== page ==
Book review of Sten by Chris Bunch & Allan Cole


This book review of Sten by Chris Bunch & Allan Cole was written in 2000 for the website Infinity Plus.

Orbit, 2000, Paperback, 310pp, £5.99, ISBN 1-84149-007-5


StenOver one million Sten books sold worldwide!! screams the cover blurb, atop an armour-suited squaddie toting a large gun, Some people just don’t give up!!

Hmm, I almost have even before I’ve begun.

Sten’s father is a “worker” for The Company™, the largest single bastion of free enterprise in the galaxy. The Sten family are just one of the millions of wage slaves on Vulcan, The Company’s gargantuan industrial station, which supplies anything and everything The Empire™ needs.

When the rest of Sten’s family are killed by the rich, mad and evil head honcho of The Company™to protect his top secret “Bravo Project”, Sten decides that free enterprise is just not for him and escapes to join the elite Imperial Guard and embark on a four book series of classic/hackneyed (delete as appropriate) space opera.

On the minus side, Sten hasn’t an original idea in its 310 pages, is only just adequately written, and at times sickeningly and gratuitously violent. There is some kind of Felicific Calculus in effect, however: The Company™ off-handedly kills 1,385 people in the first chapter which makes it quite alright for Sten to gun down, stab, break the necks of, burn and blow out of the airlock a similar number of victims in the ensuing 37 chapters.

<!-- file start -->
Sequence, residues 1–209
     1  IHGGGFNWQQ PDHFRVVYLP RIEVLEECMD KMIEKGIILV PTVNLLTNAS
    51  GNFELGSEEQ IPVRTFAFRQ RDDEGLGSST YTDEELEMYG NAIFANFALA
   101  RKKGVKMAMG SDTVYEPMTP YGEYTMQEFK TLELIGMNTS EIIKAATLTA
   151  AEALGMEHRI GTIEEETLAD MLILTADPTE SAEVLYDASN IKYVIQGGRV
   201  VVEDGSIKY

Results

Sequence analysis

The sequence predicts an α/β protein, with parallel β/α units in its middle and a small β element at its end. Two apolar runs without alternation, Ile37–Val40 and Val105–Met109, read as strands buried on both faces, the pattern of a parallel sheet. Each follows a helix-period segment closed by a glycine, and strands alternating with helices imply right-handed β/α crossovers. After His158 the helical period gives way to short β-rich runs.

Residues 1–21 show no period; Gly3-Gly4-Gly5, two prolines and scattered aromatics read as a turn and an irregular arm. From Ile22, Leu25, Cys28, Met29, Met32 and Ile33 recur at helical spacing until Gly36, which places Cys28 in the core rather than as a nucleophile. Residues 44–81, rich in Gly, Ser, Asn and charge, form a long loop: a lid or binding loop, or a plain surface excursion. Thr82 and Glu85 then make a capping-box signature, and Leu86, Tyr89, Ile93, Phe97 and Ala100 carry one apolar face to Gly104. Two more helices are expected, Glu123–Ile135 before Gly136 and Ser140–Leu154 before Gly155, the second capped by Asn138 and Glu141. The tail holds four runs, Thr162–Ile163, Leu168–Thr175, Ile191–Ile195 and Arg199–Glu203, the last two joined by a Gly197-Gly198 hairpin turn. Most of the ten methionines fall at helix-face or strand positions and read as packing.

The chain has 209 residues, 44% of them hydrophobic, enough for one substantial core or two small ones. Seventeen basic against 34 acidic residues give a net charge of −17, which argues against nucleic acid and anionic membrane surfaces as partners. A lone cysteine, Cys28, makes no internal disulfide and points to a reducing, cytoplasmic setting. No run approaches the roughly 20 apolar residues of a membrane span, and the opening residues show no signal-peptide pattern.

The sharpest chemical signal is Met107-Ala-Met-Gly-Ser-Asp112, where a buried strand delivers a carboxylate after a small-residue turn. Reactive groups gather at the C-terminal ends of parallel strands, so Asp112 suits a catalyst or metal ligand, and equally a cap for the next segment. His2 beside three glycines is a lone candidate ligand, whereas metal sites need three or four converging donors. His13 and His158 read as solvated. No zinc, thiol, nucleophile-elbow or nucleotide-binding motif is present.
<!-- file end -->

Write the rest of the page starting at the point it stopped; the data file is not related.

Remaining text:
On the plus side, Sten is a disarmingly simple and entertaining read that demands little of its readers, and I couldn’t help but enjoy it. You know almost exactly what’s going to happen next and, even while my politically correct side was kicking and screaming in indignation, my darker side relished the history of the Imperial Guard battle suit, the grubby sub-Blade Runner world of Vulcan and the undeniable righteousness of Sten’s bloody guerilla war against The Company™.

If you’re looking for subtlety the Imperial Guard’s armoury does include, of all things, Bester Grenades, which utterly confound their victim’s sense of time.

Well, it made me laugh!

Sten is probably not something to give to sf’s detractors to try to raise their opinion of the genre – it’s one to read under the covers at night with a torch!

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